So, you’re not as young as you used to be…
Your joints ache, your knees hurt, and you’re pretty sure your back will never be completely straight again. We understand—it happens to everyone! But just because you’re getting older doesn’t mean you have to stop being active. In fact, regular exercise is a critical part of a healthy senior lifestyle.1
Read on to find out just how much good exercise can do for you—plus pointers on how to implement exercise into your everyday routine.
While regular exercise is important for people of all ages, it can be particularly beneficial for seniors. Here are just a few of these benefits2:
- Helps reduce blood pressure & cholesterol
- Helps maintain healthy bones, muscles, and joints
- Lowers risk for heart disease, stroke, type 2 diabetes, and some types of cancer
- Better quality sleep
- Reduced cognitive decline
- Increased balance and coordination
- Increased stamina and muscle strength
- Improves mood & helps symptoms of anxiety & depression
- Helps control arthritic joint swelling and pain
- Increased sense of independence and confidence
What can you do?
So, what can you do to stay fit? Some of the most popular senior fitness activities are things you probably already do to some extent—things like walking, gardening, and yard work. Another great option for more structured physical activity is taking classes from a local gym or fitness club. Many community gyms, like the YMCA, offer a variety of senior fitness classes, including yoga, Zumba, swimming, and cycling.
A common misconception about exercising as a senior is that if it isn’t hurting, it isn’t working. This could not be more false! Physical activity does not need to be strenuous to achieve health benefits3. You don’t need to be out lifting massive weights or running sprints for hours like people in their 20s to stay healthy. Our exercise routines should change based on our age and physical capabilities. While your average 25-year-old might need to jog every day and do weight circuits to stay fit, you certainly don’t have to. As you get older, your body doesn’t require the same levels of exertion as it used to in order to stay healthy.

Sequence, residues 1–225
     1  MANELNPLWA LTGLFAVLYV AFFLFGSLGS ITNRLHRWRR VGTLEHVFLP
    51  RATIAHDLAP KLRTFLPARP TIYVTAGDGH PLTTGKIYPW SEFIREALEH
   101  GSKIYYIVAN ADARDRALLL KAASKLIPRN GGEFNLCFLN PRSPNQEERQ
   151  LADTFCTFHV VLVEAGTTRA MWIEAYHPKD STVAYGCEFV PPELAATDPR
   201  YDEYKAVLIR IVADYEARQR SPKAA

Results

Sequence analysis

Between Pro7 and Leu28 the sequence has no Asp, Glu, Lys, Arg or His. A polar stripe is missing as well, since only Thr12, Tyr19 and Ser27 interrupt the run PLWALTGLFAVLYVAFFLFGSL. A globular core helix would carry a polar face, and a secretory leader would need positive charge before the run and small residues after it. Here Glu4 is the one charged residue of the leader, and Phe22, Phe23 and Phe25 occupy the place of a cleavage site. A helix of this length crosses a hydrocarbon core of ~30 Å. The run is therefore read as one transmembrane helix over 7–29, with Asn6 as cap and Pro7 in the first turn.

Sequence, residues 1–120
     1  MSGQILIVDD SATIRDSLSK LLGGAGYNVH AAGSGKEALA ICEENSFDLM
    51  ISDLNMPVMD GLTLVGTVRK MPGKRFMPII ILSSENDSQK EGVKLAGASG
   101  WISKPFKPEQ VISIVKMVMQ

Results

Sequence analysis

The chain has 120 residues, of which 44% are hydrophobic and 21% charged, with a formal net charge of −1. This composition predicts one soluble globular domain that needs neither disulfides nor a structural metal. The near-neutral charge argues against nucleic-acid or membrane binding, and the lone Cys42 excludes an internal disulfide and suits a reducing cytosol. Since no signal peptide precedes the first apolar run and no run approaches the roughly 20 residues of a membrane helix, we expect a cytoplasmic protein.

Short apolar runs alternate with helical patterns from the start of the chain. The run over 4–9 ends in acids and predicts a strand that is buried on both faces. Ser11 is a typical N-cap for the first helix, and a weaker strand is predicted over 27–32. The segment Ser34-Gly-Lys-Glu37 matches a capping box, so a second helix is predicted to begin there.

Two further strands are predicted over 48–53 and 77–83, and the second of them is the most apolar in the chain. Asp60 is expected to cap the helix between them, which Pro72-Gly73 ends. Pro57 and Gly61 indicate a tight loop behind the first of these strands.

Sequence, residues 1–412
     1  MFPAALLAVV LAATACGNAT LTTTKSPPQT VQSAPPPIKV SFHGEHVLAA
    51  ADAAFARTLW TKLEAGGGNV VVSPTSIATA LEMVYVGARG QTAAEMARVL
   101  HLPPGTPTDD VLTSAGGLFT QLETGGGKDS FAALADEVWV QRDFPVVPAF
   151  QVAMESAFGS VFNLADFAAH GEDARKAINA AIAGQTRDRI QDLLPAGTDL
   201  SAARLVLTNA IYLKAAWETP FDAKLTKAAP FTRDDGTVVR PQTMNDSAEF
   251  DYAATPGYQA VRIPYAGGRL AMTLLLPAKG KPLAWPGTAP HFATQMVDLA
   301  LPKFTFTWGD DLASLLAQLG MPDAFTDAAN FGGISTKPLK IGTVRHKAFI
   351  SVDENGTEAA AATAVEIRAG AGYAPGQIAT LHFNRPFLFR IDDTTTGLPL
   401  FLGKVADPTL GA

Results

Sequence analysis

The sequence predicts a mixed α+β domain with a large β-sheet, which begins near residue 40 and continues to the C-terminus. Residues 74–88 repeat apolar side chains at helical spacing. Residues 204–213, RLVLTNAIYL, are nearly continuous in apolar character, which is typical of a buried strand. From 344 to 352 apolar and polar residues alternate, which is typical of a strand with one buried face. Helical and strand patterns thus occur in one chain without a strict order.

Here are some general guidelines to follow when planning your exercise routine:
- Go for a mix of aerobic and strength exercises for the best results.
- For aerobic activities…
- Aim for 2.5 hours of moderate aerobic activity per week (30 minutes per day).
- Chose aerobic activities that make your heart beat faster, but don’t cause shortness of breath, chest pain, or extreme discomfort.
- For strengthening activities…
- Do strengthening activities 2 days a week.
- Try using light hand weights or resistance bands to build strength.
- You can also try balance activities, like tai chi or yoga.
What Caregivers and Loved Ones Can Do
Tackling a new or unfamiliar experience like exercise can often seem daunting and unachievable, especially for seniors. Social support from both family and friends has constantly shown positive results related to senior physical activity4. Simply offering to take a walk with them, helping them do yard work, or inviting them to attend a class at your local gym can help seniors build healthy habits in a familiar, social environment.
Keep in Mind…
Older adults should consult with a physician to make sure their exercise plan works for their body and lifestyle.5
Don’t let your Age
hold you back from an Active
– Centers for Disease Control and Prevention’s “Physical Activity and Health: Older Adults,” a Report by the Surgeon General.
– AARP’s “Senior Fitness and Active Lifestyles.”
– U.S. Department of Health and Human Services’ “Stay Active As You Get Older: Quick Tips,” a Healthfinder publication
– National Institute on Aging’s “Go4Life” initiative.
– National Institute on Aging’s “Real-Life Benefits of Exercise and Physical Activity,” a Go4Life publication.
2. [Note: benefits may or may not manifest themselves in every individual. Benefits may manifest themselves to different extents in different individuals. It is not guaranteed that every benefit will be manifest in every individual]↩